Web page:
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XV. Alcibiades' eulogy of Socrates: 215 A-222 C.

Prologue: My eulogy will take the form of parables—aiming not at mockery but at truth. Socrates resembles a Silenus-statuettes which serve as caskets for sacred images; b the Satyr Marsyas.

I. In form he resembles both a the Sileni, and b the Satyr.

II. (In character) he resembles (b) the Satyr, being (1) a mocker, (2) a flute-player. As to (2) he excels Marsyas, since his words alone, without an instrument, fascinate all, old and young. Me he charms far more than even Pericles could, filling me with shame and selfcontempt, and driving me to my wit's end.

III. He resembles a the Sileni in the contrast between his exterior and interior. (α) Externally he adopts an erotic attitude towards beautiful youths: (β) but internally he despises beauty and wealth, as I know from experience. For I tried to bribe him with my beauty, but all my many attempts came to nothing. Private conversations, gymnastics together, a supper-party à deux, even a night on the same couch—all was of no use. Against my battery of charms he was armed (by his temperance) in “complete steel”; and I charge him now before you with the crime of ὕβρις. His hardihood was shown in the Potidaea campaign, where none could stand the cold like him. His valour was displayed in the battle where he saved my life, and in the retreat from Delium. Especially amazing is his unique originality, which makes it impossible to find anyone else like him—except Satyrs and Sileni.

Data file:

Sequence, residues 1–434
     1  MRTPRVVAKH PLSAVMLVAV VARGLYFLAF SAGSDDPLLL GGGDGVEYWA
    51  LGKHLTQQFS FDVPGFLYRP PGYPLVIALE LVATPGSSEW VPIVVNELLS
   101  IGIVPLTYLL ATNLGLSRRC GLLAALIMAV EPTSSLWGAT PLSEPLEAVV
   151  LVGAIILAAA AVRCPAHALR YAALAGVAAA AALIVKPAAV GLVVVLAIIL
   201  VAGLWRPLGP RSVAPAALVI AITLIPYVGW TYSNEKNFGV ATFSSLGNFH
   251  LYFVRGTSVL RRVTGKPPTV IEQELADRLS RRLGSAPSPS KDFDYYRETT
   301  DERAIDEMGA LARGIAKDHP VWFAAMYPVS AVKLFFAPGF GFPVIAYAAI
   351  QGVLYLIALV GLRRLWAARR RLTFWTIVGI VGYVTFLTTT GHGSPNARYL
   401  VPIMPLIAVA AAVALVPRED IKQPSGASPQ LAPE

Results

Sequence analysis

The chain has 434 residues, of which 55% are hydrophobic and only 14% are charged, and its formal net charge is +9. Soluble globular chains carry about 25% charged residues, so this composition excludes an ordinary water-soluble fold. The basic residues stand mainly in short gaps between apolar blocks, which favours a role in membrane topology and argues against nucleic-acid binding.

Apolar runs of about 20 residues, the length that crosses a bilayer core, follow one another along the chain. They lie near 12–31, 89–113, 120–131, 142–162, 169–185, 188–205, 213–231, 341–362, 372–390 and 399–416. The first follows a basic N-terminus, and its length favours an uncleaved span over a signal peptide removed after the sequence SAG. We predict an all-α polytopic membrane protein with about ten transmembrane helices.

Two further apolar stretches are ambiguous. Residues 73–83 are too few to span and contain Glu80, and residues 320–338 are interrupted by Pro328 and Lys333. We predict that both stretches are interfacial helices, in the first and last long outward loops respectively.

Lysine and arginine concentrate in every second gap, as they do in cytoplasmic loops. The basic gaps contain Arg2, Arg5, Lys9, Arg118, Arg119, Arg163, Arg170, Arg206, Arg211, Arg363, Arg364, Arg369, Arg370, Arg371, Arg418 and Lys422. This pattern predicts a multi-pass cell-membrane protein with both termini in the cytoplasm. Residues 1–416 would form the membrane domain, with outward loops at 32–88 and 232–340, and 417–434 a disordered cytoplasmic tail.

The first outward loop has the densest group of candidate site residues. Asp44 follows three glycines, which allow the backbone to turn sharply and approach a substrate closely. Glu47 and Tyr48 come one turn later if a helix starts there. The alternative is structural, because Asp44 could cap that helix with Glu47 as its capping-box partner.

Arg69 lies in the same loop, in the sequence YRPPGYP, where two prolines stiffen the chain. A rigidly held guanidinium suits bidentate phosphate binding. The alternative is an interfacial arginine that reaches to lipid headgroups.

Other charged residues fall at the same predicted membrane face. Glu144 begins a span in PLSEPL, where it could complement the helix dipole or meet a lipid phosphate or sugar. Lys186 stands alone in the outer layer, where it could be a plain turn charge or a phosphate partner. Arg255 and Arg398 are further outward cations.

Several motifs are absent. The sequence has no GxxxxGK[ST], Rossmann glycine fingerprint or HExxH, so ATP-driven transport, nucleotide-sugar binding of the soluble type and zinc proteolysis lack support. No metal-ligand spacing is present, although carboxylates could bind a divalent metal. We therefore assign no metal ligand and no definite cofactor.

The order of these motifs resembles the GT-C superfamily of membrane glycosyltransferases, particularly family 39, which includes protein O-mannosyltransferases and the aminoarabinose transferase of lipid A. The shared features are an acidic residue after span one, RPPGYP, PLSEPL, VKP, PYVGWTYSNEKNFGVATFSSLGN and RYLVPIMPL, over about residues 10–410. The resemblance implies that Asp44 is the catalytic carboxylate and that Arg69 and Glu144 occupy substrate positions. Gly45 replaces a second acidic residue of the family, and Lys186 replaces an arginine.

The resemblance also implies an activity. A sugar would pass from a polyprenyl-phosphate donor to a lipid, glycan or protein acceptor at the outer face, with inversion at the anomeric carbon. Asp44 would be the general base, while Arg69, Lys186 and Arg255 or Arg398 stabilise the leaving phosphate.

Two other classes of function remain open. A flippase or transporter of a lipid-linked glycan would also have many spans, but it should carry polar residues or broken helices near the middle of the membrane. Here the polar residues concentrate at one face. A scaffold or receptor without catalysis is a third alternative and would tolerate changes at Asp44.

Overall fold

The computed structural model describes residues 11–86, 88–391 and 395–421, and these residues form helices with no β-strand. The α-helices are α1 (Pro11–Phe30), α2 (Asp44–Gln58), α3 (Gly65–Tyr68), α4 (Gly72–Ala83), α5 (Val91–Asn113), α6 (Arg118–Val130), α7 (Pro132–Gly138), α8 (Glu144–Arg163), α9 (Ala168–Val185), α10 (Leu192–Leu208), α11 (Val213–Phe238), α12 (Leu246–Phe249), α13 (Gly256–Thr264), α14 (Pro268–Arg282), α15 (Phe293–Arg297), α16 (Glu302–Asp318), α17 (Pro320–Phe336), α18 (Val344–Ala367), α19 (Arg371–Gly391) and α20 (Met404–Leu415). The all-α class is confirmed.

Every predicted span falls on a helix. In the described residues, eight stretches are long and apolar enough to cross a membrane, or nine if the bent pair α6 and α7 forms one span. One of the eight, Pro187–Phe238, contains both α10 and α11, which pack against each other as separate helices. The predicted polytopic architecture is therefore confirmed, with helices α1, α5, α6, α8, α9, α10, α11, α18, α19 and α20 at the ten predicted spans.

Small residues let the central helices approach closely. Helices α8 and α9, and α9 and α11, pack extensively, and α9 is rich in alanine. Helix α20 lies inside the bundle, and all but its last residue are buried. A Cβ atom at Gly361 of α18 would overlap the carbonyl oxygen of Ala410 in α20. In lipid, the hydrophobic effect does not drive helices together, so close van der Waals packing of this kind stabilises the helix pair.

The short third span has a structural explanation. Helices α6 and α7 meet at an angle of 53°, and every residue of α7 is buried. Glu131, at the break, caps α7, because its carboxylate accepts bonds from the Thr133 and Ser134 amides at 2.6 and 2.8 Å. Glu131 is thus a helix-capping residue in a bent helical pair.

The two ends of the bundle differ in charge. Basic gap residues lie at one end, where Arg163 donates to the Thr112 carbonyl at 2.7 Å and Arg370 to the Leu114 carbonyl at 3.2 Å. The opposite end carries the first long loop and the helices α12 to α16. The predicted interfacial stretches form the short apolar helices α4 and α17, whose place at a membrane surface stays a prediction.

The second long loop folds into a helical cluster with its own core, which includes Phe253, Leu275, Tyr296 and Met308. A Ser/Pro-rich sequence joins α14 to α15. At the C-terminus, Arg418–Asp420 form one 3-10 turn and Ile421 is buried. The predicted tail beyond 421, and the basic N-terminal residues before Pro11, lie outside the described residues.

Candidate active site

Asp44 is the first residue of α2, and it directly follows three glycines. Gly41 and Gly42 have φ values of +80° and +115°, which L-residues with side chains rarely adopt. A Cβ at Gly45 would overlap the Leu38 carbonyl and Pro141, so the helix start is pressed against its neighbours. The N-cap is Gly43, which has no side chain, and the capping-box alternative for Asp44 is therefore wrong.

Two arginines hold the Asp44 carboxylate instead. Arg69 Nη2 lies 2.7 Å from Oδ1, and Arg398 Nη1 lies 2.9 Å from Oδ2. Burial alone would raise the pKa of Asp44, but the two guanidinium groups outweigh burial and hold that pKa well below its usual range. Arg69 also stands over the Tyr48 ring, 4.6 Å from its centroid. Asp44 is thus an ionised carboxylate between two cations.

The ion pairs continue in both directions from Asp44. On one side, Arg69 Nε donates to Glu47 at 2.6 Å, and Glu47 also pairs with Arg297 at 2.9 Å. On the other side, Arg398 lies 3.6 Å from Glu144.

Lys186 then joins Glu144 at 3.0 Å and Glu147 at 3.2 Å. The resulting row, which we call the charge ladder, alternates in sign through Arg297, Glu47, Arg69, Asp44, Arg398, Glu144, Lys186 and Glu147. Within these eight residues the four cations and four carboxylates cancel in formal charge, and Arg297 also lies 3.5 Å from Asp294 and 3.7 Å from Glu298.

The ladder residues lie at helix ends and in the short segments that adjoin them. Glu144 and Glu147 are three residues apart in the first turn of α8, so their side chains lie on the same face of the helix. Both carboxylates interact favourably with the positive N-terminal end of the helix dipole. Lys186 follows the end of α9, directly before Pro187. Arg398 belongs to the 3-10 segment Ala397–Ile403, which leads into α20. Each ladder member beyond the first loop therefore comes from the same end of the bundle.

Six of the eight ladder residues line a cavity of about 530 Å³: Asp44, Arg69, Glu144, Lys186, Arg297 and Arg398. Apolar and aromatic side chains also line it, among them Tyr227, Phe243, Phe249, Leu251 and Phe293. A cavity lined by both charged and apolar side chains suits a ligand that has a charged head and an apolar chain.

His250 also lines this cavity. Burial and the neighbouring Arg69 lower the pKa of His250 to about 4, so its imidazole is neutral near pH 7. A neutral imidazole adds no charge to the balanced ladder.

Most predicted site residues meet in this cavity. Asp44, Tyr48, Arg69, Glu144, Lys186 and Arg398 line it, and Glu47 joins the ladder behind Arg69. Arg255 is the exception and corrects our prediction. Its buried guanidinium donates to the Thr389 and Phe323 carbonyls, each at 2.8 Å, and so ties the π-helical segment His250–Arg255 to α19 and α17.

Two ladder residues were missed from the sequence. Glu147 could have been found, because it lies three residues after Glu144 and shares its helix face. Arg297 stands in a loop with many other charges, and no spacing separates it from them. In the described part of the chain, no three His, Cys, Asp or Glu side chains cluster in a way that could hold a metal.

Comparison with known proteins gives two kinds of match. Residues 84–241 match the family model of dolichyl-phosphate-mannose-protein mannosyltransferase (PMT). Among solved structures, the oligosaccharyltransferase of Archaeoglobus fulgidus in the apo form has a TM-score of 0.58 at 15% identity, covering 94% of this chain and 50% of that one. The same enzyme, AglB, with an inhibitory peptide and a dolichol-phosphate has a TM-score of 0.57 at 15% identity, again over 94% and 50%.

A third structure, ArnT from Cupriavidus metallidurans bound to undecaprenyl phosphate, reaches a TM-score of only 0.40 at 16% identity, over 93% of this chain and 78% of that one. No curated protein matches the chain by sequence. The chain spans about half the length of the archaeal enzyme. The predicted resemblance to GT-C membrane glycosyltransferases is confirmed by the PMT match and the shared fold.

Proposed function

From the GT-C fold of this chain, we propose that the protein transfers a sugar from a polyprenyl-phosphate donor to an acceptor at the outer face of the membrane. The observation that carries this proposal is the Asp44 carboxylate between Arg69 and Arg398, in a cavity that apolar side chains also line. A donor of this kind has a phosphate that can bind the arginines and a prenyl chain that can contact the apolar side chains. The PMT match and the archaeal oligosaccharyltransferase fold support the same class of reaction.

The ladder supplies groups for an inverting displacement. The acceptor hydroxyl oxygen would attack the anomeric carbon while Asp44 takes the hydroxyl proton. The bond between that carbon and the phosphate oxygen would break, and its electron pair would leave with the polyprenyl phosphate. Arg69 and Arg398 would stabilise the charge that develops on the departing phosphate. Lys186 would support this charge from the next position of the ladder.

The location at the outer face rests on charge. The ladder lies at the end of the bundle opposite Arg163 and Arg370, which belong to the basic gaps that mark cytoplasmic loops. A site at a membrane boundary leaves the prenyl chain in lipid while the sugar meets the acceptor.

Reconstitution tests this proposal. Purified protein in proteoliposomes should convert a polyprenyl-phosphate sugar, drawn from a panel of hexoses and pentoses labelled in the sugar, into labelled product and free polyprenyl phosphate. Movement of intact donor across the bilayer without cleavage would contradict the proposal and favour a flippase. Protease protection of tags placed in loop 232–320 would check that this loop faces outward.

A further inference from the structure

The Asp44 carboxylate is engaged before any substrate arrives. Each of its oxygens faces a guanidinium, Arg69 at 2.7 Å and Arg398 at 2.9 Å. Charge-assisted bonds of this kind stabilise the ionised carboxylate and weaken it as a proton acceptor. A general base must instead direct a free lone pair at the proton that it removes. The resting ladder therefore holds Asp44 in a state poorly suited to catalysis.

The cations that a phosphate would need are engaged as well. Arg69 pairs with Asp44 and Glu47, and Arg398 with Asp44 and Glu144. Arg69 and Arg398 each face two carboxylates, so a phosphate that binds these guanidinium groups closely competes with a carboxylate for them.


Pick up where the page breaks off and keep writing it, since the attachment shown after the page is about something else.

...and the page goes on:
IV. His speeches too, I forgot to say, are like the Silenus-statuettes, in outward seeming ridiculous, but in inner content supremely rational and full of images of virtue and wisdom.

Epilogue: Such is my eulogy, half praise, half blame. Let my experience, and that of many another, be a warning to you, Agathon: court Socrates less as an “erastes” than as an “anterastes”!

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